I want my kids to have this same belief around the value of education but my hope is that they learn it sooner. I’m planning on all of them becoming doctors, lawyers, or superheroes (Everett is convinced he will grow up to be Spider-Man… not sure if that requires a graduate degree but I need to plan for it anyway).
$100,000 toward the kids’ 529 plans.  $350,000 to go…

Homeownership is the American dream. In 2015, Jenny and I got our own little piece of that dream when we purchased our first house together. It was a perfect three bedroom, two bath house on a quiet cul-de-sac in the neighborhood we wanted. We dreamed of raising our kids there and growing old in that house. Our neighbors had lived there for over 50 years and we thought maybe one day that would be us. Raise the kids, send them off, stay there forever.

That was the plan.

Then Jenny got pregnant with Everett and suddenly that house didn’t look so perfect anymore. Now, four bedrooms seemed more appropriate than three. There was no real play space for the kids. The small cracks in the sidewalk out front, which gave the house character when we first looked at it, now just looked old and dirty.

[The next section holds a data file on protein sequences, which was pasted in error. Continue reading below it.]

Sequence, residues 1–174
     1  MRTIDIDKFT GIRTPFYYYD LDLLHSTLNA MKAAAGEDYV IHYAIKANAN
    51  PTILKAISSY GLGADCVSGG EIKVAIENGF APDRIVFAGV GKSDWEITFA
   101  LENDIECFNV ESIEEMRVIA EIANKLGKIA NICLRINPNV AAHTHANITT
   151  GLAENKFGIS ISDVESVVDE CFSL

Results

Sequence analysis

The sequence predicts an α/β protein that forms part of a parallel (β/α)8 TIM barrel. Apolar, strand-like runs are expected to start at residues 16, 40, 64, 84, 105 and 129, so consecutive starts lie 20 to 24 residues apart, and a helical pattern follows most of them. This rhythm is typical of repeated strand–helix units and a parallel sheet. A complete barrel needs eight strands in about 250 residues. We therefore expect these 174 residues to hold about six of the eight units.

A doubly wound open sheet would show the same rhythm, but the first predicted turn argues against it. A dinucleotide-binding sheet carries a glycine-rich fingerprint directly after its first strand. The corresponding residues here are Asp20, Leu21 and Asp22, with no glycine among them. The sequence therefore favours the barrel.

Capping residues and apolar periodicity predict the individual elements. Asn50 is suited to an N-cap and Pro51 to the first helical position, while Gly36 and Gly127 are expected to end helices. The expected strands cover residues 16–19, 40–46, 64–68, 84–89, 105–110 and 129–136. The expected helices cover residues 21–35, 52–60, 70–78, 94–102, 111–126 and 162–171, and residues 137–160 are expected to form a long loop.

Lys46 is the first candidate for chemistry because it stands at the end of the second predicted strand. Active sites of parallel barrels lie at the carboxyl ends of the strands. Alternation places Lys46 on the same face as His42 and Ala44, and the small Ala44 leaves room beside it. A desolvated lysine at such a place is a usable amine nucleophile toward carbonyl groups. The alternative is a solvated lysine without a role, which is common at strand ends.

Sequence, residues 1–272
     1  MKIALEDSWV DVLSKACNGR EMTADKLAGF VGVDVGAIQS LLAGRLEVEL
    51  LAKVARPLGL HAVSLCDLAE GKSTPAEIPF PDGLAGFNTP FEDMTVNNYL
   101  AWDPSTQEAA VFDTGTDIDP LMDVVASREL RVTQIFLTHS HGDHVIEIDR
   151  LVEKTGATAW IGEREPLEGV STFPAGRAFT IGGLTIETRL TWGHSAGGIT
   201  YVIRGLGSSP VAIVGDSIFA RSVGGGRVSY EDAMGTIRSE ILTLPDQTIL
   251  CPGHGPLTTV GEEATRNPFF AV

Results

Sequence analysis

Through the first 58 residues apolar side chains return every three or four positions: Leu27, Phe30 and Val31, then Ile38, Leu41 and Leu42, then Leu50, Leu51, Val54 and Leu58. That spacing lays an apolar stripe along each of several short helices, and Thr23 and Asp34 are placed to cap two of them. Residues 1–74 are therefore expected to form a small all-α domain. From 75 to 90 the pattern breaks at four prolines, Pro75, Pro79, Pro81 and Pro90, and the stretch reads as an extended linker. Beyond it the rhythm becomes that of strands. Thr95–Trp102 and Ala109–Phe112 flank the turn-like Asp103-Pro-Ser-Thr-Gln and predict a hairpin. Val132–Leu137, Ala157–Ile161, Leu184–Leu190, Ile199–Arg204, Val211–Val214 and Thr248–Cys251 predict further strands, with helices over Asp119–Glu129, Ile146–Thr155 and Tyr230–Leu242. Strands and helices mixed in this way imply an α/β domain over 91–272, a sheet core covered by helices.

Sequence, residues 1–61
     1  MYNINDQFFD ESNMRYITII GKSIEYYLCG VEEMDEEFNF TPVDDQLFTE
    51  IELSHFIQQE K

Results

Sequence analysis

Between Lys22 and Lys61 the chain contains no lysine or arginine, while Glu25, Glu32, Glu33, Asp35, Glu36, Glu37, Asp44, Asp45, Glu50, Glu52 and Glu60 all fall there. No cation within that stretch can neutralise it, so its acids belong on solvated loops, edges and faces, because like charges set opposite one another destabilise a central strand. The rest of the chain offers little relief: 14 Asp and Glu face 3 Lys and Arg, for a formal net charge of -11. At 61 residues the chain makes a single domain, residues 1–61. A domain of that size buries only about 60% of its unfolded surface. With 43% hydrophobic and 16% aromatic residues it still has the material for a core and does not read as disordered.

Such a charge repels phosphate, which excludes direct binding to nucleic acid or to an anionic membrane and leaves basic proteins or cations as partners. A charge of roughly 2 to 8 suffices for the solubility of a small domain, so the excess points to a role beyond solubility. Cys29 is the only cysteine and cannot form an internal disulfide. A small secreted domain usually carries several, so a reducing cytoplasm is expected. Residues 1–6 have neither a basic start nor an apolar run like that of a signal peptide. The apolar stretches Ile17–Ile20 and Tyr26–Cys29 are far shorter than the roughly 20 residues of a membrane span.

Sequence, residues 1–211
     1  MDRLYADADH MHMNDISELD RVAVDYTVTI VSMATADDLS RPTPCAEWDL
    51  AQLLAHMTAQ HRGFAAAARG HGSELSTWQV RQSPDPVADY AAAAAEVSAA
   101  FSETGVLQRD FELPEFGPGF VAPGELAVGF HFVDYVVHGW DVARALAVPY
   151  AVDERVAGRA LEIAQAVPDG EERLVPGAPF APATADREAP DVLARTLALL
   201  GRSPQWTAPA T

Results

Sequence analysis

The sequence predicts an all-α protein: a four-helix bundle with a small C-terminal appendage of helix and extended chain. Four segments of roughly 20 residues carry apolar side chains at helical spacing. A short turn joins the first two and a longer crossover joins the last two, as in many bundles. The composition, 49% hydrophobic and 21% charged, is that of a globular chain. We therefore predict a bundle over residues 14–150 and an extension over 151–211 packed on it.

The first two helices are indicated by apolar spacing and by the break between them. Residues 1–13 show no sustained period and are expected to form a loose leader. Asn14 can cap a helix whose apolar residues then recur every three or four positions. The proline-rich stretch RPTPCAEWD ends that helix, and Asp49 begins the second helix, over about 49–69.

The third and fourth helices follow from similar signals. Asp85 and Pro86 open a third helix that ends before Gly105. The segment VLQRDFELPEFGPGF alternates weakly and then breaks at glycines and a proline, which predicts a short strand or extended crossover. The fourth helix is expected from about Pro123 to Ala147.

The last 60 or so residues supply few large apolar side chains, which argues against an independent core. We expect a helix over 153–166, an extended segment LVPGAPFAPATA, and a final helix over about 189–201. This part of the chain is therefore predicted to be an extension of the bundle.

It was time to move.

Houses in California are expensive. Hence, when you move, you often make some money selling but then it gets rolled right into the next home. We made money, never saw it, and rolled it right into the down payment for the next house.

We were still short though.
An extra $250,000 towards the down payment and we were there.  $100,000 to go…



Both Jenny and I have written a lot about our experience with our middle son, Oliver.  Ollie was born with a vanishingly rare and serious health condition known as a lymphatic malformation. Oliver’s particular condition was more acute than most as it presented at birth as a previously undiagnosed 12 ounce mass across his chest and back. It represented over 10% of his body weight. We thought he would have an uneventful birth and we weren’t prepared for what life threw us.

Oliver’s life wasn’t in danger once we left the hospital but as new parents to a child with a rare condition, we were understandably uneasy about what the future would hold. There were the big questions like “will he continue to look different than other kids?” or “will people stare and wonder what is wrong with him?” Then there were the logistical constraints to deal with of finding clothes that would fit or figuring out how to get him into a car seat. It was incredibly overwhelming.

As a result, we spent the months after Oliver’s birth in a state of panic, confusion, and dysphoria. We sought the advice of family, friends, clergy, and medical professionals. None of the medical professionals we consulted with had any experience with lymphatic malformations.

None of them, I should add, until we walked into Children’s Hospital Los Angeles. It was there that we met two doctors that would irrevocably alter the course of Oliver’s life and, without question, save mine.

Dr. Chadi Zeinati and Dr. Dean Anselmo are my heroes. They have become close friends and partners to us in our fight to raise badly needed funds for rare childhood diseases and conditions. They are world-class doctors but even more amazing people.